At first, leaders were calm.
“The general health situation in Dallas is good,” city health officer Dr. A.W. Carnes said.
It was September 1918.
By October’s end, more than 1,200 Dallas and Fort Worth residents lay dead.
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That month, a global flu pandemic swept through both cities, closing schools, theaters, streetcars, even churches.
In an age before trans-Atlantic air travel, the Spanish flu knew no borders.
Soldiers training at the old U.S. Army Camp Bowie, then west of Fort Worth, were among the hardest-hit.
More than 1,900 were treated at once in makeshift tents.
Early in the outbreak, soldiers were barred from going to “picture shows, dance halls, pool rooms, theaters” and “gathering in canteens, in tents, quarters or other places.”
“This is the way the epidemic usually starts,” said the camp surgeon, Maj. J.G. Ingold.
Soldiers were told to sleep 5 feet apart.
Yet that Sept. 29, the Star-Telegram had this headline: “Bowie Officers Not Alarmed.”
“Soldiers all over the camp furled their tents and stayed outdoors all day,” the report read. “There have been no deaths.”
In Dallas, Carnes let crowds go ahead and line the streets for a parade.
Six days later, the Star-Telegram headline read: “Hospital Roll Reaches 1,908.”
That day, Army Pvt. Louis Warren, described as a “Negro recruit,” became Camp Bowie’s first death.
An additional 1,000 patients lay in Dallas hospitals.
With the base swept up treating the epidemic, a Col. Albert L. Hall of Indianapolis was named base commander when another colonel was reassigned.
He held command three days before going to the base hospital, and he died within a week.
By then, in mid-October, health officials in both Dallas and Fort Worth basically shut down group activities for two weeks.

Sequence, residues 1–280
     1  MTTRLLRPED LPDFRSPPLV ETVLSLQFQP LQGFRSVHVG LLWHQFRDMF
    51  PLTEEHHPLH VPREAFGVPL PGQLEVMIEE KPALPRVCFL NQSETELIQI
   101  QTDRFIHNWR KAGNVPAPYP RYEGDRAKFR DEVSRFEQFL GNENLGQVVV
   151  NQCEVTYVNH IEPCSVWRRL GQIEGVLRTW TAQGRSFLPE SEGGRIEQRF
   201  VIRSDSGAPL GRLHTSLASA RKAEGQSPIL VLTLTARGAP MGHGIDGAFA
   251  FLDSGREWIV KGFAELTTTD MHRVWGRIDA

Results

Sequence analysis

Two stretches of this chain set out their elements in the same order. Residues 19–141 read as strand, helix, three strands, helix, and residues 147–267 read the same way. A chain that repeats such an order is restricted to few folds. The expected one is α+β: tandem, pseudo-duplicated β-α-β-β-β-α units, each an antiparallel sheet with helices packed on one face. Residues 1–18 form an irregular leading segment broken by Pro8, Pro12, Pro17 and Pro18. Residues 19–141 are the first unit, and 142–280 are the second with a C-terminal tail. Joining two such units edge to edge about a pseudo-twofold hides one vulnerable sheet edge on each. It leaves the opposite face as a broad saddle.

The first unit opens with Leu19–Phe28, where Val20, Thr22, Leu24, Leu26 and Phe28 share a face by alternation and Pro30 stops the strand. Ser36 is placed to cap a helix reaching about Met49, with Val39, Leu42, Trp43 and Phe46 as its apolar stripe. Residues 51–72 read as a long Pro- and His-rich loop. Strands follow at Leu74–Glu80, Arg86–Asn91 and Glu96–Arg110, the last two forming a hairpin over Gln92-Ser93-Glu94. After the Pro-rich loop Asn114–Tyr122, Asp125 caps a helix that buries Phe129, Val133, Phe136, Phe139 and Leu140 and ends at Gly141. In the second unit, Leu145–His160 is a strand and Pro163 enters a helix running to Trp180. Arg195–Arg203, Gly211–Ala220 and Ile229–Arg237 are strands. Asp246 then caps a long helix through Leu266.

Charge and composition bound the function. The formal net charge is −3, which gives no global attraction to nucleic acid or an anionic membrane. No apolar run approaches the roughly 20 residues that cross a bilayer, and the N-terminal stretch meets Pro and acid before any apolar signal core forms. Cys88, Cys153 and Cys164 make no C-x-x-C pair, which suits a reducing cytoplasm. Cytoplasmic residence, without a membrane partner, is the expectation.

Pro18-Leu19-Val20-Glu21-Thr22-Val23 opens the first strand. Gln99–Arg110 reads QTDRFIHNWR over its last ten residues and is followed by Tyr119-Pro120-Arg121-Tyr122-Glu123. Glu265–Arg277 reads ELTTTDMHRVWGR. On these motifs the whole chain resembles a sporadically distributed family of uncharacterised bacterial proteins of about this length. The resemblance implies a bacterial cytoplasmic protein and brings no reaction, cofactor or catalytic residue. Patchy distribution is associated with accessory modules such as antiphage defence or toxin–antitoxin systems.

Texas health officials set specific school rules: “Spitting on the floor, sneezing or coughing, except behind a handkerchief, should be sufficient grounds for suspension.”
But Dallas officials were still trying to put up a positive front.
Dallas Mayor Joe Lawther said that with schools closed, children should launch a “cleanup week” citywide.
“If Dallas is not cleaned up,” he told The Dallas Morning News, “the influenza may continue, and if it continues, it is hurting our country just as much as the German bullets.”
At Camp Bowie, fatalities grew among the base’s clerical assistants and $75-a-month nurses.
“Miss Nell Hurley also died today,” the Star-Telegram wrote about a nurse from California.
“Miss Hurley had been in the service but 1 month. While she was here she had won the highest regard of the officers and enlisted men alike.”
That was Oct. 19.
By Oct. 23, the day’s death toll was back to zero.
On Oct. 27, schools reopened.
In a news story mixing relief with hope, the Star-Telegram reported:
“It is agreed that the influenza has about run its course.”
This report includes material from the Star-Telegram and Dallas Morning News archives.